This is a storyteller having fun by bringing something lush, textural, operatic, and wild in ambition. It's similar to seeing a ballet from a renowed director: You're watching them go wild within a tried and true tale, not necessarily exploring all of its themes or subtext. In that respect, nothing more is needed from the actors in Wright's adaptation. To say they did a bad job, just because he was written that way is a bit short-sighted. To be a handsome and suave motherfucker is all that was needed. And he delivered in spades.
post #1184 of 4021
Quote:
Originally Posted by Raynis View Post

When it comes to adaptations, I tend to completely severe my ties and expectations from the source material and judge them on their own merits, what they are trying to do. Five minutes into that fucking movie and you know this isn't some die-hard, faithful production of this literary masterpiece.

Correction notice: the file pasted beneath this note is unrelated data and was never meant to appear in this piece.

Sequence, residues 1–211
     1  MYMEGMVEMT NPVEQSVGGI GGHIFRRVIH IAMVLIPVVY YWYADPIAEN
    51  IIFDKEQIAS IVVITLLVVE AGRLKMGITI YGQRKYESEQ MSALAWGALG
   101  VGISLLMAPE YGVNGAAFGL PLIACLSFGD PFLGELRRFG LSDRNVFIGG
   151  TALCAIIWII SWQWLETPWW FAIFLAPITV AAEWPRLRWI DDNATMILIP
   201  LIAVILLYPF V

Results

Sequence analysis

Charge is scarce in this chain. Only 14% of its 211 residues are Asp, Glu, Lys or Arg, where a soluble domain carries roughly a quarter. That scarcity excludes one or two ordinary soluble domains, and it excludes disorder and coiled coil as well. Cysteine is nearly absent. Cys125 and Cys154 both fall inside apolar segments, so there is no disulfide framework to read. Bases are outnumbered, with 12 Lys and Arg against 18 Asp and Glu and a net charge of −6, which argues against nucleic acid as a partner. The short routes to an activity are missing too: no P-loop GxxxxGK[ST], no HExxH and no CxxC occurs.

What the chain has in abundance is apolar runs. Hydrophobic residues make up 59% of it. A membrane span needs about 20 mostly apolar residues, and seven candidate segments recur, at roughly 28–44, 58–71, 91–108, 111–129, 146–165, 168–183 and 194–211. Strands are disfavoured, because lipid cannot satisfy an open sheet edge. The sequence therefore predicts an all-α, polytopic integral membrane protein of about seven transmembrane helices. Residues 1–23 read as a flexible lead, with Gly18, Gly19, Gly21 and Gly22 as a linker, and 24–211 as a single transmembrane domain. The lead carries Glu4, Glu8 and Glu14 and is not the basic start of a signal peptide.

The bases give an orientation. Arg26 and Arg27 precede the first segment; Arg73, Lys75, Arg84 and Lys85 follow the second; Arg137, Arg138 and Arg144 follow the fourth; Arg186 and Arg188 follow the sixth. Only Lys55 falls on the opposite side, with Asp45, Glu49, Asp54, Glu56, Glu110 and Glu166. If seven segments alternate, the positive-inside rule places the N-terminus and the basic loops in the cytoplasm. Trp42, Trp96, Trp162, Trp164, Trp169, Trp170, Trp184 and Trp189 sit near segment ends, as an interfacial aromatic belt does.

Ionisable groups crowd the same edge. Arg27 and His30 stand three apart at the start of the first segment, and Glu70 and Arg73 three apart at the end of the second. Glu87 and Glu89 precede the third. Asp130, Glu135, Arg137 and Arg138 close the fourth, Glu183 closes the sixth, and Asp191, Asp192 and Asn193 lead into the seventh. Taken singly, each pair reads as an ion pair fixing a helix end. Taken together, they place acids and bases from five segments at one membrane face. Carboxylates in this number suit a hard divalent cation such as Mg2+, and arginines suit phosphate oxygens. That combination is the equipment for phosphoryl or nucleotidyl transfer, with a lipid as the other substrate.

This is a storyteller having fun by bringing something lush, textural, operatic, and wild in ambition. It's similar to seeing a ballet from a renowed director: You're watching them go wild within a tried and true tale, not necessarily exploring all of its themes or subtext. In that respect, nothing more is needed from the actors in Wright's adaptation. To say they did a bad job, just because he was written that way is a bit short-sighted. To be a handsome and suave motherfucker is all that was needed. And he delivered in spades.